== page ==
In 2021, Andy Taylor emceed the first World Padel Championship hosted outside of Europe or the Americas. The Qatar Ooredoo World Padel Championship featured nearly 300 professional and amateur athletes representing their nations in team competition. After six thrilling days of Padel action across the Khalifa International Tennis and Squash Complex, both the Men’s and Women’s Teams from Spain stood atop the podium as World Champions.
Undeniably the most accomplished group of talent in Doha, the women’s team from Spain included the top six players in the world, along with the World #8 and World #12. Behind top players Gemma Triay and Alejandra Salazar, as well as veteran Lucia Sainz, Spain captured it’s 4th consecutive and 7th World Championship title overall.
The Spanish Men hadn’t won the World Championship title in over 10-years, regularly falling short to juggernauts Argentina – the most successful nation in World Championship history with 10 titles. However, in Qatar – Spain’s strategic player selection paid-off in the championship Tie. Rather than play Ale Galan and Juan LeBron together – the top professional team in the world – Galan played alongside Arturo Coello, while Lebron joined forces with legend Paquito Navarro. Both tandems overcame their top-10 Argentine opponents, capturing Spain’s 4th World Championship title on the men’s side.
Argentina’s men and women finished as runners-up, while the Brazilian men and Italian women each earned Bronze. It was Italy’s first time medaling since the biannual World Padel Championships began in 1992. Meanwhile, the men and women from France came up just short, both falling in the Bronze medal Ties.
Click on the graphics below for a more in-depth, daily look at the 2021 World Padel Championship, delayed a year due to the global pandemic. It’s a tremendous tournament, often pitting amateur against professional – similar to the early days of the Open Era in tennis. However with this event, each talent endures the added pressure and privilege of playing for country.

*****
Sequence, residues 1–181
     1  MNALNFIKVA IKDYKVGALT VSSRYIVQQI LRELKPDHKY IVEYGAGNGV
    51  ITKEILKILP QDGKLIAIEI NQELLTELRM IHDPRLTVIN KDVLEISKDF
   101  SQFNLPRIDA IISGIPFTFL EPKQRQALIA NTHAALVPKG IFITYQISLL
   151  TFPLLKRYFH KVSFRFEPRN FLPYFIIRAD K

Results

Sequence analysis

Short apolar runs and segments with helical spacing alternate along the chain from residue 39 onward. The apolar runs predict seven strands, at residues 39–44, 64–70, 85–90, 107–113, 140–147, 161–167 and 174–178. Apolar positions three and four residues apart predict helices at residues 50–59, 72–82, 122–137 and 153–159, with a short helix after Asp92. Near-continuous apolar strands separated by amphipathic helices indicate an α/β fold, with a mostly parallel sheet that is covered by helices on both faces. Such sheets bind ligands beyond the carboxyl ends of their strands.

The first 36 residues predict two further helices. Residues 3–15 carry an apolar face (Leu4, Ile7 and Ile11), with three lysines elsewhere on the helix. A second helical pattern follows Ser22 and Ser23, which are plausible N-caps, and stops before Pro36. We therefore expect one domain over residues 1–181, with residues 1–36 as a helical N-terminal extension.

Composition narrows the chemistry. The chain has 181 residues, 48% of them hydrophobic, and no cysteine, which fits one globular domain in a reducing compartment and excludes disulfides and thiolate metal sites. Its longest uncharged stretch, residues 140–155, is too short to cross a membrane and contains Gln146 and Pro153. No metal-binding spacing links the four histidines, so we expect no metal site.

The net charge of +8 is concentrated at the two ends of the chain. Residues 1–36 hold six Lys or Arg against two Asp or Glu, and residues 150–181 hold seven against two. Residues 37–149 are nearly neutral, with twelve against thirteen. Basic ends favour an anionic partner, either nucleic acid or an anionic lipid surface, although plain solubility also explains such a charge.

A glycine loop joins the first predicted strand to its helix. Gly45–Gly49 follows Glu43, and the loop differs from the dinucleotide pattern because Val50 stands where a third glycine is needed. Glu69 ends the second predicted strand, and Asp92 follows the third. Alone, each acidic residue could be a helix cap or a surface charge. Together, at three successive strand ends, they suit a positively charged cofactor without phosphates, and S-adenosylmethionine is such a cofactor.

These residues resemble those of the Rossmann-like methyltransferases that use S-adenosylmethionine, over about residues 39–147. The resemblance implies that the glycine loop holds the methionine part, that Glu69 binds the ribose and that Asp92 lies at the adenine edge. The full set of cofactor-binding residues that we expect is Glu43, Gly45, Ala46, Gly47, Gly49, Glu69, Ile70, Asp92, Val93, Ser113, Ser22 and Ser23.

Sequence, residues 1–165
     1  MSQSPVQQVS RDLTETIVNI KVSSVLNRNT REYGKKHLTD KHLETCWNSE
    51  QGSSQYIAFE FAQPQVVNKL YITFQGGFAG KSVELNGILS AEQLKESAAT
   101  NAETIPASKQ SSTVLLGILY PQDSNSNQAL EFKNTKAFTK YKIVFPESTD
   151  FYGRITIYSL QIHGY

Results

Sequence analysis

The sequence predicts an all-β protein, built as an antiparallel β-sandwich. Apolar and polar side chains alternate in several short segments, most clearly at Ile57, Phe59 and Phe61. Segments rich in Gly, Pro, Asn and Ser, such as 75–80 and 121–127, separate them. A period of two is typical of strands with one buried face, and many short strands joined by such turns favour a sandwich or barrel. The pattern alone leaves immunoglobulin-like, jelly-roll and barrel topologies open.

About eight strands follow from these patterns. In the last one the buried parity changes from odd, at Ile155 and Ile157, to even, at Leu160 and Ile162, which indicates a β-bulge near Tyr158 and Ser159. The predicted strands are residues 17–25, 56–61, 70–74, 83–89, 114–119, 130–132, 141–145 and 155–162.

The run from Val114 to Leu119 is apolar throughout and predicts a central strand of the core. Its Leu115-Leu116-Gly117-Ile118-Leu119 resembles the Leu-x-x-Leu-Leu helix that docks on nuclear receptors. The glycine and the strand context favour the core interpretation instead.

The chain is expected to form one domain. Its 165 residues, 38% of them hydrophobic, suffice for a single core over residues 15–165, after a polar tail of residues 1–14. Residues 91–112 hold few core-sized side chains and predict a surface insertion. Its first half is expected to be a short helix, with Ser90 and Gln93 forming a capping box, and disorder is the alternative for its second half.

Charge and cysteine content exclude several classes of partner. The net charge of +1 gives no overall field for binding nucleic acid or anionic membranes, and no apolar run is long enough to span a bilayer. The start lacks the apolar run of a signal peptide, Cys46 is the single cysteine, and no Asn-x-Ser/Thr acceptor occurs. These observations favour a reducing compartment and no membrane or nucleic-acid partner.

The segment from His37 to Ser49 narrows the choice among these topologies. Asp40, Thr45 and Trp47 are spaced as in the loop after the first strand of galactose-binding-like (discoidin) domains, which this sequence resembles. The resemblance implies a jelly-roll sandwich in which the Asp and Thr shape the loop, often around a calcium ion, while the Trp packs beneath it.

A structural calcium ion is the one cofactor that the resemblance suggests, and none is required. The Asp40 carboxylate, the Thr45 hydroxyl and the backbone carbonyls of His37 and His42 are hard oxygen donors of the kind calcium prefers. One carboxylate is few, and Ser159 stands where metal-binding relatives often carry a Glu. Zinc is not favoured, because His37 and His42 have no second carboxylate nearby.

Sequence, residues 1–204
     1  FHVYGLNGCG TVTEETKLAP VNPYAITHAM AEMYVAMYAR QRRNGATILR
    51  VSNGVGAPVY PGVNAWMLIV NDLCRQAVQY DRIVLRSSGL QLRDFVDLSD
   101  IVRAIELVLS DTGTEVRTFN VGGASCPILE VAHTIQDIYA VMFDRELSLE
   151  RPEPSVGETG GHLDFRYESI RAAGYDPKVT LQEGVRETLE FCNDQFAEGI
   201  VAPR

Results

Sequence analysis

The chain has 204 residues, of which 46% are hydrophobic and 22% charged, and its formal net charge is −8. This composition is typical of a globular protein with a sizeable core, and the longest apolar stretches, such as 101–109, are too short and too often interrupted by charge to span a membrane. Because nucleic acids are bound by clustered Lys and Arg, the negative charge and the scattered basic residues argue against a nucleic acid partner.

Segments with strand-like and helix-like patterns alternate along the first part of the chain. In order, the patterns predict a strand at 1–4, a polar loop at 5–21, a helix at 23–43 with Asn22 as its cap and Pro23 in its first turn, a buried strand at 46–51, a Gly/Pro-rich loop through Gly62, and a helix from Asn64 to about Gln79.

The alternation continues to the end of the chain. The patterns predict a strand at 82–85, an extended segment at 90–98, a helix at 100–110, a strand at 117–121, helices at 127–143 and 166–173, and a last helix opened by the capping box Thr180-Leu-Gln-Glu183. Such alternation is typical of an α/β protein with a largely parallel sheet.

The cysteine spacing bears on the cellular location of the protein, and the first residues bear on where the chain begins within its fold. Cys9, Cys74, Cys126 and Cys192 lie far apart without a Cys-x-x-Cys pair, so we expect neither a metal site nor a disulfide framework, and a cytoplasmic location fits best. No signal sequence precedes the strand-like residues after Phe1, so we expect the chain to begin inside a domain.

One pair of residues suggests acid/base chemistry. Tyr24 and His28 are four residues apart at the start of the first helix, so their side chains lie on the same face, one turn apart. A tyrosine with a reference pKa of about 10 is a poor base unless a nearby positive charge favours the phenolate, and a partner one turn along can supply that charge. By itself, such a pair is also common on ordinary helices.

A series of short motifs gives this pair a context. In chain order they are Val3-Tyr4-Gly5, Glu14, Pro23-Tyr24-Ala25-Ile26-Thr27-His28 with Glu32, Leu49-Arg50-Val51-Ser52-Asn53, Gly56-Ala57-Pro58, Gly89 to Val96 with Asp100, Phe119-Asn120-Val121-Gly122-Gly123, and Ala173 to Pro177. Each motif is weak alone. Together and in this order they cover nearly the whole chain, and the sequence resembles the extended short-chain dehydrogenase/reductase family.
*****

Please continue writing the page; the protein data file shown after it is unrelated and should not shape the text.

QATAR OOREDOO WORLD PADEL CHAMPIONSHIP EXPLAINED
The first World Padel Championship staged in Asia, the Qatar Ooredoo World Padel Championship featured a top-shelf production aired globally. Both the Men’s and Women’s fields included 16 national teams, each with 8 players. For most countries, amateurs play alongside and against the sport’s elite.
World Padel Championship Format
A round-robin event, the tournament starts with three days of Group Stage competition. During the draw ceremony, the top four nations from the previous World Padel Championship occupy the top-seeds in each group. Each day includes 16 Ties – 8 Women’s and 8 Men’s – and each Tie features a clash of two nations playing the best 2-out-of-3 matches.
Starting on Day-4 – the Quarterfinals – the top eight teams compete in the winner’s bracket, while the bottom eight teams battle for position in the loser’s bracket. There is no elimination. All teams play each and every day of competition to determine the Final Standings for the next World Padel Championship.
Nations who reach the top-8 earn automatic entry into the next World Padel Championship. In Qatar, the women from Spain, Argentina, Italy and France earned top seeding positions for 2022’s World Championship – while Brazil, Belgium, Germany and Mexico all earned spots in the draw, as well. On the men’s side – Spain, Argentina, Brazil and France will be 2022’s top-seeds, and will be joined by Italy, Paraguay, Uruguay and Chile.
Huge Accomplishment for the State of Qatar
Leading up to this year’s Championship, the men from Qatar went undefeated during Qualifying in Dubai. With their triumph, Doha’s top talents became the first to represent their nation on the sports biggest stage – competing against the world’s finest on their home court.
Though they failed to a win a single set against Belgium, Italy, Brazil, Great Britain, Denmark, or the United States – the team gained valuable experience; and certainly made organizers and their nation proud by rewriting history at the Qatar Ooredoo World Padel Championship.